Because if you need advanced knowledge of hardware engineering and specialist tools to install linux, then linux is dead.

  • Re:Grub? (Score:5, Insightful)

    by Missing.Matter (1845576) on Sunday December 30, 2012 @09:06AM (#42425679)
    Sounds like a lot of tinfoil you got there.

    Microsoft has made it crystal clear that they can and will use UEFI to lock computers AGAINST their owners and to anti-competively lock out any possibility to load alternate operating systems when they do not have to worry about compatibility with older versions of Windows.

    Why does this matter at all on ARM? Currently, the number one selling tablet manufacturer in the ARM space does this, and it aint Microsoft. Apple does everything in their power to prevent you from running Linux on iPad. And you know what? I have absolutely no problem with that, because if I want an unlocked tablet I can just go buy any of the dozens of varieties. Choice is good. Microsoft entering the space does not take that choice away, and it doesn't appear that it will any time soon.

    x86 is an entirely different land. I contend that Microsoft's requirement has less to do about backwards compatibility and much much more to do with not running afoul of antritrust regulations. Honestly, Microsoft has nothing to worry about in the x86 space. Their biggest competitor here won't even allow their OS to be installed on generic x86 hardware. Their second biggest competitor is so far removed, they're hardly worth considering. If Linux were gaining any traction before this whole thing started, I would say "yeah, maybe they are getting worried" but Desktop Linux is holding strong at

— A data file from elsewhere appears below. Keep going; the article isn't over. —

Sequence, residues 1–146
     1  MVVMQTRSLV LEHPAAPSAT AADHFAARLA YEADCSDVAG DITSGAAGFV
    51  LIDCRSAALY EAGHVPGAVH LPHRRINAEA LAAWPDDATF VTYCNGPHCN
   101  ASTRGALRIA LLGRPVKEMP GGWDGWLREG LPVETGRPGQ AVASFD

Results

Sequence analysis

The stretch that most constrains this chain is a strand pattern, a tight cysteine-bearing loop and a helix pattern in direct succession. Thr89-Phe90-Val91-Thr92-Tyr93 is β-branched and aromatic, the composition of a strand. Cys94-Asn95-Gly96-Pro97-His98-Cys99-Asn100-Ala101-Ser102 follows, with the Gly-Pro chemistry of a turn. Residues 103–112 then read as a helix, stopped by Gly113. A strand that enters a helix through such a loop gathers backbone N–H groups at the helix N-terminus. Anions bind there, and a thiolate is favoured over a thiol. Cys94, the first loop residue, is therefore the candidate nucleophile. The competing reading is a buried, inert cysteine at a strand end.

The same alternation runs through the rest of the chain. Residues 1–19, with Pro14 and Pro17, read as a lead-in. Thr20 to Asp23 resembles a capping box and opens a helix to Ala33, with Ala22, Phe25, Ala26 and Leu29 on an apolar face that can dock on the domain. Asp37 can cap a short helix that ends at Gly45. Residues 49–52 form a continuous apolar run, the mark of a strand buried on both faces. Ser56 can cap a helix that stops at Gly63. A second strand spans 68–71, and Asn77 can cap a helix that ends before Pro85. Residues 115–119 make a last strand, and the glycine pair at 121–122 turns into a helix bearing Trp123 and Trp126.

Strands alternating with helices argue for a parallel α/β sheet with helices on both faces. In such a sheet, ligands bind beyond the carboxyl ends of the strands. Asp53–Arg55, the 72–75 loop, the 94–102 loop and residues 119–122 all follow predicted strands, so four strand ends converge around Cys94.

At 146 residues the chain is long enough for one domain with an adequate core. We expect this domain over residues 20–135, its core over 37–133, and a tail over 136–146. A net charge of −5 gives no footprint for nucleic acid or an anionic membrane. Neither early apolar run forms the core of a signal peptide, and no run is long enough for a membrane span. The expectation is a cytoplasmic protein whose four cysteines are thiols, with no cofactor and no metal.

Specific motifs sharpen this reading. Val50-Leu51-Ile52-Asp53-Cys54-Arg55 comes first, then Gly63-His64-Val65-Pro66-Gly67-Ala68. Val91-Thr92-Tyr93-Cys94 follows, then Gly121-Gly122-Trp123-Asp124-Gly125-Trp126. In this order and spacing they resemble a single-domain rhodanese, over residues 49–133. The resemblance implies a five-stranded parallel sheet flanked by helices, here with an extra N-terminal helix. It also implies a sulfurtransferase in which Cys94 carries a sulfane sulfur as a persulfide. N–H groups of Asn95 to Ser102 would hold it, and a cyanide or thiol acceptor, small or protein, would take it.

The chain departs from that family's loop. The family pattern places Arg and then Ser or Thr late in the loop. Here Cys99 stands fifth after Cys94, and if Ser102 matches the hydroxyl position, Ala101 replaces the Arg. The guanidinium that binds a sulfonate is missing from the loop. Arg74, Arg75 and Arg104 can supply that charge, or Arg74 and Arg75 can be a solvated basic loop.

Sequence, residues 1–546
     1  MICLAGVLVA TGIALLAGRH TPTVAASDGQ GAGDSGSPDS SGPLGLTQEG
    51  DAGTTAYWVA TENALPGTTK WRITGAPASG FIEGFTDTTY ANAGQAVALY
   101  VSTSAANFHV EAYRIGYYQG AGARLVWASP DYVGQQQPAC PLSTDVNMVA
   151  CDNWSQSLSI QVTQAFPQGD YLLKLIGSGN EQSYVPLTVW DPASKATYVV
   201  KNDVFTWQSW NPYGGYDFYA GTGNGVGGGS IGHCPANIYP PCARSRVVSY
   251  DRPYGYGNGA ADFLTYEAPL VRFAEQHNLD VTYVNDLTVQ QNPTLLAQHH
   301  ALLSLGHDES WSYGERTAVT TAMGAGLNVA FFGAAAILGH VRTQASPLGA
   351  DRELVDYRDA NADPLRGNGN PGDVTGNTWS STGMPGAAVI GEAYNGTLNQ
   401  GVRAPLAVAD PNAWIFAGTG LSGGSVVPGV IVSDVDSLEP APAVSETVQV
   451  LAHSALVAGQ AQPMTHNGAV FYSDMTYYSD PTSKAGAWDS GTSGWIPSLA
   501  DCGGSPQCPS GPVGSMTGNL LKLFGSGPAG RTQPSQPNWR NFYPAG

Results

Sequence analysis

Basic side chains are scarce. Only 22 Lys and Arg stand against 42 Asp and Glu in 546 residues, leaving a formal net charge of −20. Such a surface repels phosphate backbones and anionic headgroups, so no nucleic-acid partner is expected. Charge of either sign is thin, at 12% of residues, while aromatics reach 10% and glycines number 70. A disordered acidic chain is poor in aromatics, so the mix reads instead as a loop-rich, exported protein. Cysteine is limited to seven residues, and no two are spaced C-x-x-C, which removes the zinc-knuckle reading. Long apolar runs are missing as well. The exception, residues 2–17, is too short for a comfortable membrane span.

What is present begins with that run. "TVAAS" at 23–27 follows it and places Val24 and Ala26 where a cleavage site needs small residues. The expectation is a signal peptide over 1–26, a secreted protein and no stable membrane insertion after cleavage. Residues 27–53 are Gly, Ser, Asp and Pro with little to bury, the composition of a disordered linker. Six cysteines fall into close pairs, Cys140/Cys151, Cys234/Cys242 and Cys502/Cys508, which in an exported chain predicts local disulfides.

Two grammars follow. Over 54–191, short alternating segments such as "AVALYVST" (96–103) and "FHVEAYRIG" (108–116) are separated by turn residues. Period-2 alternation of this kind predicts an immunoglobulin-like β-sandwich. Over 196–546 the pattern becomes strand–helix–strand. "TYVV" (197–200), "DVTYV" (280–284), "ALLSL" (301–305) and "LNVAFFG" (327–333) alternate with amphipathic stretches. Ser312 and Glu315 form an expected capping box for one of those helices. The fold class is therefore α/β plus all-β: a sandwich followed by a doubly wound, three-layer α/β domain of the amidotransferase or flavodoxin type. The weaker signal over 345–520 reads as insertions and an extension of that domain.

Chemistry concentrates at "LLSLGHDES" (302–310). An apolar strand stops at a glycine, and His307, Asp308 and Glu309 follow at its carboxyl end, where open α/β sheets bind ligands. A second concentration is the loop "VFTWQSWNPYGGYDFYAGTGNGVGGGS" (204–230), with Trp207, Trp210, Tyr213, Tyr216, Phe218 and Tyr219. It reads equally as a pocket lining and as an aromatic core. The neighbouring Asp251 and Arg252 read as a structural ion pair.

So in fact, probably the *worst* thing Microsoft could do is lock down x86 bootloaders for anticompetitive reasons, because there is no real competition on the desktop to Windows. They would be inviting DOJ and EU oversight where this is no need to, as there is no credible threat. As it stands, Microsoft's biggest threat to their desktop marketshare is the dwindling PC market due to the locked down iPad.

    Apple has sold 100 million iPads so far. Microsoft has sold a mere fraction of that in ARM tablets. In that sense, your capslock-infused rage seems misdirected, as Apple is the one leading the charge in locked down bootloaders on ARM devices. I personally have no problem with it, but it seems strange to me all this rage wasn't abound in 2010. Where was the FSF campaign when Apple was getting started with iPad? Or in 2006 with locked down iPhone? Now this practice is commonplace, and the target isn't even the correct company; even if they get Microsoft to completely change their practice, 99% of ARM tablets sold will still be locked down.

1: No code table for op: ++post

Working...